# Show $1+\sqrt{5}$ is irreducible in $\mathbb{Z}[\sqrt{5}]$

Show $1+\sqrt{5}$ is irreducible in $\mathbb{Z}[\sqrt{5}]$. Similar questions use the norm ( see e.g. How to show $1 + \sqrt{ 5 }$ is irreducible ), but I do not know yet about such a mapping, so I can't use it here.

I want to show now that if $$1+\sqrt{5}=(a+b\sqrt{5})(c+d\sqrt{5})$$ at least one of them is a unit i.e. has a multiplicative inverse in $\mathbb{Z}[\sqrt{5}]$. First I tried to characterise the units in $\mathbb{Z}[\sqrt{5}]$ by looking at $$1=(a+b\sqrt{5})(c+d\sqrt{5})$$ and trying to see which properties $a,b,c,d$ need to have to be a unit. But that did not get me very far to be honest. Rearranging the original equation got me nowhere good either.

How can I approach this without using the norm?

• If you really mean $\mathbb Q[\sqrt{5}]$, then $1+\sqrt{5}$ is a unit (as is every other nonzero element). Do you mean $\mathbb Z[\sqrt{5}]$? – Wojowu Jun 19 '17 at 13:25
• You are correct. I am sorry, I fixed it. It should be over $\mathbb{Z}$ of course! – Jonathan Jun 19 '17 at 13:40

I'm assuming you meant $\mathbb Z[\sqrt 5]$, since $\mathbb Q[\sqrt 5]$ is a field. $$1+\sqrt{5}=(a+b\sqrt{5})(c+d\sqrt{5}) = (ac+5bd) + \sqrt 5(bc+da)$$ $$\implies ac+5bd =1\qquad bc+da=1$$ $$\implies 1-\sqrt{5}= (ac+5bd) - \sqrt 5(bc+da) =(a-b\sqrt{5})(c-d\sqrt{5})$$ $$\implies (1+\sqrt{5})(1-\sqrt{5}) = (a+b\sqrt{5})(c+d\sqrt{5})(a-b\sqrt{5})(c-d\sqrt{5})$$ $$\implies -4 = (a^2-5b^2)(c^2-5d^2)$$ Now, if $a^2-5b^2 = \pm 1$, then $(a+b\sqrt{5})(a-b\sqrt{5}) = \pm 1$, so it is a unit. The same holds for $c^2-5d^2$. So If $1+\sqrt{5}$ is reducible, you have $a^2-5b^2=\pm 2$, $c^2-5d^2=\mp 2$ that is impossible modulus $4$.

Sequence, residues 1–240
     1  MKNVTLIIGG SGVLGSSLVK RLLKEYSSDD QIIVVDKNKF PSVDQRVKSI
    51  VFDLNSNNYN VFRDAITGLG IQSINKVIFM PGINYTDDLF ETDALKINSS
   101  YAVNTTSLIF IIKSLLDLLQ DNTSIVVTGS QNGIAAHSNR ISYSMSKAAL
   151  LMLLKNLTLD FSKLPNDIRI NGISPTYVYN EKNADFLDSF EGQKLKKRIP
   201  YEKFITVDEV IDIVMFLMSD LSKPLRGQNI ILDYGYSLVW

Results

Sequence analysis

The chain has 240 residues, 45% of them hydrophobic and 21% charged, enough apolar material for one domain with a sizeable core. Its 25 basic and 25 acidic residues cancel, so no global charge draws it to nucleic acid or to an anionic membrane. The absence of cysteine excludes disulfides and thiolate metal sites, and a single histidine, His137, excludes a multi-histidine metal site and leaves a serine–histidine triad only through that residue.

• I believe to understand everything, but your last step. We are saying the only units in $\mathbb{Z}[\sqrt(5)]$ are $\pm 1$, therefore we either want to show that one of the factors is one or that there is a contradiction if we write it as a product of two non units. You showed that the product is $-4 = (a^2-5b^2)(c^2-5d^2)$, if we assume it can be written as a product of two non units. But how do we reach a contradiction with modular arithmetic here? Why is $a^2-5b^2=\pm 2$, $c^2-5d^2=\mp 2$ impossible? – Jonathan Jun 21 '17 at 12:01
• @Jonathan the remainder for squares modulus 4 are 0,1 so $a^2-5b^2\equiv a^2-b^2$ can't be 2 – Exodd Jun 21 '17 at 18:02